By Hastings Wyman –
US Sen. Richard Shelby (R), 81, is a 30-year veteran of the US Senate and is seeking to make that 36. He has amassed a war chest of some $19 million as of Sept. 30 and has already been on television. Shelby doesn’t rely on well-funded campaigns alone, however, and makes a point of visiting everyone of the state’s 67 counties every year. Although he is favored for reelection, he cannot rest on his laurels. He has four challengers in the March 1 Republican Primary, challengers motivated by a Tea Party-like aim to run to Shelby’s right, where there is not much room, and by the pent-up ambition of their relative youth.
If Shelby has a worry, it lies in the volatility of the Republican electorate during this unpredictable and unprecedented presidential campaign cycle. If Donald Trump, Ted Cruz and/or Ben Carson are riding high and on the primary ballot with the Senate race, it could produce an unusually high “turn the rascals out” mentality. Shelby is touting his conservative record, noting his Conservative Achievement Award from the American Conservative Union, his A+ from the National Rifle Association, and another A+ from an anti-illegal immigration group. He also benefits from his seniority, which included holding a hearing on President Obama’s gun control measures, which featured Shelby grilling Attorney General Loretta Lynch.
Jonathan McConnell, 33, has the most political heft of Shelby’s four challengers. The son of former Alabama Republican Party Chairman Roger McConnell, he was president of student government at Auburn and then served as a captain in the US Marines in Iraq. Back in Alabama, he runs Meridian Global Consulting, a company that provides protection from pirates to ships. He has raised some $1 million, hardly a match for Shelby’s $19 million, but still significant. He has attacked Shelby for voting for the confirmation of Hillary Clinton as secretary of State and for not vigorously trying to reduce the national debt. McConnell has the backing of Citizens United as well as a group of 100 Marines he served with, and gets favorable coverage from Briebart News Network. Last week, McConnell challenged Shelby to debate, an offer which the heavily favored incumbent promptly declined.
McConnell has already had to overcome two campaign problems. In November, one of his primary opponents, John Martin, charged McDonnell asked him to quit the race, and “offered to pay me off and cover all my expenses,” a charge McDonnell kinda/sorta confirmed, though he denied it was a bribe. And more recently the Federal Election Commission (FEC) said that McConnell had failed to file a campaign registration form with the Commission. McConnell, however, claims the document was mailed in a timely fashion.
Marcus Bowman, 42, a newcomer to Alabama and its politics, has a master’s degree in public policy and an undergraduate degree in finance. He worked as a legislative analyst
in Washington and in Alabama, was chairman of the Young Republicans of Baldwin County (Mobile suburbs), Alabama’s largest county.
John Martin, another Iraq War veteran, is now a commercial pilot. This his second bid for public office. In 2008, he ran a poorly financed ($1,000 raised) congressional campaign.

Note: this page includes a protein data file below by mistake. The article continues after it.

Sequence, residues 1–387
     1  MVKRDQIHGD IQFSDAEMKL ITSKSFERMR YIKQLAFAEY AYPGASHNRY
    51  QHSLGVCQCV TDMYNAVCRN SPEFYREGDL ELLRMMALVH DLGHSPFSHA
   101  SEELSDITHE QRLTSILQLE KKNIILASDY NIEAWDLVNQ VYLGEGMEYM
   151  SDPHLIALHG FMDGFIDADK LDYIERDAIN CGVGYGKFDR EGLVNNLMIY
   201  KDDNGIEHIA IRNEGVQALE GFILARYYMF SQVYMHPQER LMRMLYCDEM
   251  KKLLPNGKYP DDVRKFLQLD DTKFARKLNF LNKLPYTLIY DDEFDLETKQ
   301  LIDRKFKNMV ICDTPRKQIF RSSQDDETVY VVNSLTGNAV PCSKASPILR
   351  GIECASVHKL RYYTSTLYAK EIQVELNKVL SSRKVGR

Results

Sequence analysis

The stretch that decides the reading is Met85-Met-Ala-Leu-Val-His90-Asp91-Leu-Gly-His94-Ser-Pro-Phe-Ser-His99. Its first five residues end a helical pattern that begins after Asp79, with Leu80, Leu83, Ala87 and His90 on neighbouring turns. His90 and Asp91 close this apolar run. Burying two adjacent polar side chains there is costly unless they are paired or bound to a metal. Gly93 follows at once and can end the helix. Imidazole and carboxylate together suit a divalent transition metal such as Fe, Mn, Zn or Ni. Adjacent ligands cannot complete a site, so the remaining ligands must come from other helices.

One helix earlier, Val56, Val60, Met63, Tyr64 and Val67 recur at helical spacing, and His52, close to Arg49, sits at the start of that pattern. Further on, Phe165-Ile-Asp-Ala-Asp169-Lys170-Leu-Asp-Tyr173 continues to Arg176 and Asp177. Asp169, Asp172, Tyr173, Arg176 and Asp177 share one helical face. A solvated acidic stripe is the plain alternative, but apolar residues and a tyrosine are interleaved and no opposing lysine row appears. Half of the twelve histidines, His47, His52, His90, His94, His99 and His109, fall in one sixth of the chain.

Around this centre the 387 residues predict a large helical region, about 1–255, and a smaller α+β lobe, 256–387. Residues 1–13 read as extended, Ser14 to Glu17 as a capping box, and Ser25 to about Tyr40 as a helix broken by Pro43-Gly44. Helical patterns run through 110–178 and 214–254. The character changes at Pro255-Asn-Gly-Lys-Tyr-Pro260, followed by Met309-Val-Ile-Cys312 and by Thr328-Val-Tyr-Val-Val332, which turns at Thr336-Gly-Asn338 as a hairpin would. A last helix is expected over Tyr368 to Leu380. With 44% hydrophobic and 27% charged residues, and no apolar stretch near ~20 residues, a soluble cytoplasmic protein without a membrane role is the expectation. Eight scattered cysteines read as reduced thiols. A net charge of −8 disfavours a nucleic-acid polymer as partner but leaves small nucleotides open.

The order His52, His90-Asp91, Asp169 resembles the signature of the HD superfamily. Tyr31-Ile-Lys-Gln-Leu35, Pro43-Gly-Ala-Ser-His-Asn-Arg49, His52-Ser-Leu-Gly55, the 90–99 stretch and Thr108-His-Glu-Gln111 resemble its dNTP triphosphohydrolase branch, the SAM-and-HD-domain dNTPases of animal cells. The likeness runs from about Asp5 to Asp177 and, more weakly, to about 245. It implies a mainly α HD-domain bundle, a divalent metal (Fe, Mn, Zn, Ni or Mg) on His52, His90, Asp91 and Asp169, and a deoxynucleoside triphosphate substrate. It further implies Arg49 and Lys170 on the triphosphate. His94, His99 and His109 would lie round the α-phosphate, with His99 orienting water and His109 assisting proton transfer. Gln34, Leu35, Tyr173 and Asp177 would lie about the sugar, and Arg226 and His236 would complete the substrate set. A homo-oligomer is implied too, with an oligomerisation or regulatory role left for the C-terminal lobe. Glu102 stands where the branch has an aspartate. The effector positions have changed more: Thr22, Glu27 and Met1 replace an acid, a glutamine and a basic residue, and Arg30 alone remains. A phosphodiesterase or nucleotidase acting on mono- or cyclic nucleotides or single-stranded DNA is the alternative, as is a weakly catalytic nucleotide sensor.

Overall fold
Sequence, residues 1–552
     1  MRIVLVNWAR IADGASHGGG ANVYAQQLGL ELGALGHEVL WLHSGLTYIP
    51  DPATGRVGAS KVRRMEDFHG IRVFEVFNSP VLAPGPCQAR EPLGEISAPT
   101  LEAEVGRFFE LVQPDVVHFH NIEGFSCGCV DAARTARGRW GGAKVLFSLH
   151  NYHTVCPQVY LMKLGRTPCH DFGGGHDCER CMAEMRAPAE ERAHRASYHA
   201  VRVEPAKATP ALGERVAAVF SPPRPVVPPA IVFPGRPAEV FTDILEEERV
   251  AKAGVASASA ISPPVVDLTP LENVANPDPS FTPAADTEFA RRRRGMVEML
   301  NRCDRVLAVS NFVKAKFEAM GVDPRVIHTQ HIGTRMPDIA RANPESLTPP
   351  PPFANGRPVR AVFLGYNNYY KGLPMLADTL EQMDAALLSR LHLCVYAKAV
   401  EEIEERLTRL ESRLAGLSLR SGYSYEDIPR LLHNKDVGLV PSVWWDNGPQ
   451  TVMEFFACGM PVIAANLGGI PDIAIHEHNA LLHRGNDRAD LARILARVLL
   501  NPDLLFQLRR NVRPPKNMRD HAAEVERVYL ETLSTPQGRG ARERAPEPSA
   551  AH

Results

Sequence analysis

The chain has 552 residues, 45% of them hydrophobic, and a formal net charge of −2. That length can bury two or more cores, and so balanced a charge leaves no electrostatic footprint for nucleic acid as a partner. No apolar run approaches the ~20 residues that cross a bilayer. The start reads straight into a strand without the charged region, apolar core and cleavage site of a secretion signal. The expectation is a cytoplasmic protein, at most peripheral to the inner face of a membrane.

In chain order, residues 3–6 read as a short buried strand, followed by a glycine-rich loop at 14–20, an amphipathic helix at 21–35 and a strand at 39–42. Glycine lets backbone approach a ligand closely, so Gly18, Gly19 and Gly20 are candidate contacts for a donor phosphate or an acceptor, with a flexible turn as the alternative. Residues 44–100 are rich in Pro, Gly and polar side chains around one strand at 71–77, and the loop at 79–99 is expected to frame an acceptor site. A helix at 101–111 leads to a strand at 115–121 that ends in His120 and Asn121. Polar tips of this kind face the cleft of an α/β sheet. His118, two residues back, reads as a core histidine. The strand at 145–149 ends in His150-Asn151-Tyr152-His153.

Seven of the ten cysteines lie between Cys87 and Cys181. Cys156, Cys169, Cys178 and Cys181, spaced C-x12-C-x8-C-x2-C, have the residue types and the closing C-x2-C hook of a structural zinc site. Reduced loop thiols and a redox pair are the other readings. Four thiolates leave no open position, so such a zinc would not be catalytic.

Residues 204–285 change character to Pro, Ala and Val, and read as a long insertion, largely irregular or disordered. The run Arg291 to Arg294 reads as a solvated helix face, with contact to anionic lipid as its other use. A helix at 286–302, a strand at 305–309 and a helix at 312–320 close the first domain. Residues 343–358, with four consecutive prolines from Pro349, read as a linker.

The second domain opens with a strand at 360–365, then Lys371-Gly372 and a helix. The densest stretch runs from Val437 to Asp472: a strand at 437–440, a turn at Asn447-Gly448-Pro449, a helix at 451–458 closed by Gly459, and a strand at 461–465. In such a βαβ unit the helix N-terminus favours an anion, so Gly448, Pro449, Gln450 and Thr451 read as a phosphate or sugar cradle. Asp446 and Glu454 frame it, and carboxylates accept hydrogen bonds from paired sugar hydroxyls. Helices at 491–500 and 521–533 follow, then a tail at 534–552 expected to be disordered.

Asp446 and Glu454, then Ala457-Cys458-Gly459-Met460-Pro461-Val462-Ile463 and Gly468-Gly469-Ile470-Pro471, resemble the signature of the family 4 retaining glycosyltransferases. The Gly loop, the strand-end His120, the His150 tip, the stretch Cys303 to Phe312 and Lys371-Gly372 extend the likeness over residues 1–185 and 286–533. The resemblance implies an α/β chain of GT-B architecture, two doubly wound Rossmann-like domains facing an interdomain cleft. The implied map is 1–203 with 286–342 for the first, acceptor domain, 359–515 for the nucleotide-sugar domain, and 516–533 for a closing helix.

Shadrack McGill, 35, is a businessman and former state senator and, as his name suggests, is expected to appeal to evangelical Republicans. He gained his 15 minutes of fame in 2013, when his wife complained on Facebook that women were trying to lure her husband, who is somewhat of a looker, into a scandal. He says that he will do in the US Senate what he did in the Alabama Senate, which was to fight “to preserve our Christian values and protect freedoms.”
Clayton Turner, deputy campaign manager for McConnell and chief of staff for the Young Republican Federation, says “the biggest indication” that Shelby has a fight on his hands is “the $6 million he spent on a TV buy” and his “buying up as many political consultants as he possibly can.” He also says that Shelby has rubber-stamped some Democratic appointments, including Ruth Bader Ginsberg for the Supreme Court, and that he fought President Reagan’s nomination of conservative Robert Bork for the high court in 1987.
A source close to Shelby’s campaign says that the crosstabs of polling done for the campaign show that the Senator “is doing fine among supporters of all of [the Republican presidential candidates] and in all demographics.” He also points out that “Shelby has seniority, and that matters,” pointing to Shelby’s hearing on the 2nd Amendment.
McConnell’s first TV spot cited some of Shelby’s votes, such as confirming Hillary Clinton for secretary of state, then concluded with, “It’s time to send in a Marine.” And in an interview with the Montgomery Advertiser, McConnell made a veiled reference to Shelby’s age: “I want Alabama to have a young, energetic senator who is willing to fight on their behalf.”
McConnell, however, has not received support from the Senate Conservatives Fund, which in past years has supported GOP challengers to US Sens. Thad Cochran (R-MS) and Mitch McConnell (R-KY), and for now is staying out of the Alabama race.
In sum, Shelby is the favorite in the March 1 primary, but in this year of Trumps, Cruz’s and Carsons, he can’t take it for granted. Stay tuned.